Teenagers seem to come up with new phrases on a daily basis, and it can be hard to keep up with the meanings of their jargon. However, it’s important to know certain terms that are slang for dangerous activities, such as medicine abuse.
1 in 30 teens has abused over-the-counter (OTC) cough medicine containing the active ingredient dextromethorphan (also known as “DXM”) to get high. While DXM is a safe and effective ingredient when used as directed, some teens abuse it by taking up to 25 times the recommended dosage. This can cause dangerous side effects such as blurred vision and a rapid heartbeat, among others.
To hide this risky behavior from parents, teachers, and other adults, teens have come up with a myriad of slang terms to speak in code. Phrases such as “skittling,” “robo-tripping,” and “tussing” are among the list of slang terms you should keep your ears perked up for.
Being able to detect medicine abuse by recognizing slang terms and other warning signs is important, but even more important is what you can do to prevent medicine abuse before it happens:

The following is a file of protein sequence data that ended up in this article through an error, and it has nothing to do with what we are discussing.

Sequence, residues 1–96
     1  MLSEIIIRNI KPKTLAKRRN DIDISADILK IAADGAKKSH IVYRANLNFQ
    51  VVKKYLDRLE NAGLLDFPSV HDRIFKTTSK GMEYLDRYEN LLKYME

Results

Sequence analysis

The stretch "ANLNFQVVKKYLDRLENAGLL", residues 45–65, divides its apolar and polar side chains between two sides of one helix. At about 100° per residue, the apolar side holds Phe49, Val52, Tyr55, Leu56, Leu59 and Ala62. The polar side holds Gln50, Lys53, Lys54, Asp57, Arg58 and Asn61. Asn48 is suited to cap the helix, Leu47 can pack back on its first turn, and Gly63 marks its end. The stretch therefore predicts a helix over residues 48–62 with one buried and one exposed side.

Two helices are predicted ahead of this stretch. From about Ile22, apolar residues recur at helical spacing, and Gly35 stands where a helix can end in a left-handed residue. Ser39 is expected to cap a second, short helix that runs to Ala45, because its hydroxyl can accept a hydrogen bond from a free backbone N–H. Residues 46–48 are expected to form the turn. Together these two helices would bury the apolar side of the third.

- Talk to your teen. Studies have found that teens who have the “drug talk” with parents/guardians are 50% less likely to abuse.
- Monitor your medicine cabinet and your teen’s activities. Warning signs such as empty cough medicine bottles/packaging in the trash when no one is sick or drastic changes in a teen’s behavior could be indicators that you should look closer.
- Share this information with other parents, teachers, and members of your community. The more people who are able to detect and prevent medicine abuse in teens, the better. Find resources for taking action and spreading the word here.
- Look for the icon below and check the Drug Facts label on cough medicine packaging to identify which medicines contain dextromethorphan.
There are over 100 OTC cough medicine brands that contain DXM.
Look for this icon to easily identify which ones include the active ingredient.
Stop Medicine Abuse is a prevention campaign working to alert parents and members of the community about the problem of teen abuse of over-the-counter (OTC) cough medicines containing dextromethorphan (DXM). You can learn more on by visiting the Stop Medicine Abuse website or connecting with the campaign on Facebook page and Twitter.